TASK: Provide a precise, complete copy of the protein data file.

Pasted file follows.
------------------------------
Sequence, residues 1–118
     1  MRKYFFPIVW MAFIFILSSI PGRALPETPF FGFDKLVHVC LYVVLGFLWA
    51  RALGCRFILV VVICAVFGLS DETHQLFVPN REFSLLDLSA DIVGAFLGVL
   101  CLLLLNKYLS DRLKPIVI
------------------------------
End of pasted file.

Sequence, residues 1–118
     1  MRKYFFPIVW MAFIFILSSI PGRALPETPF FGFDKLVHVC LYVVLGFLWA
    51  RALGCRFILV VVICAVFGLS DETHQLFVPN REFSLLDLSA DIVGAFLGVL
   101  CLLLLNKYLS DRLKPIVI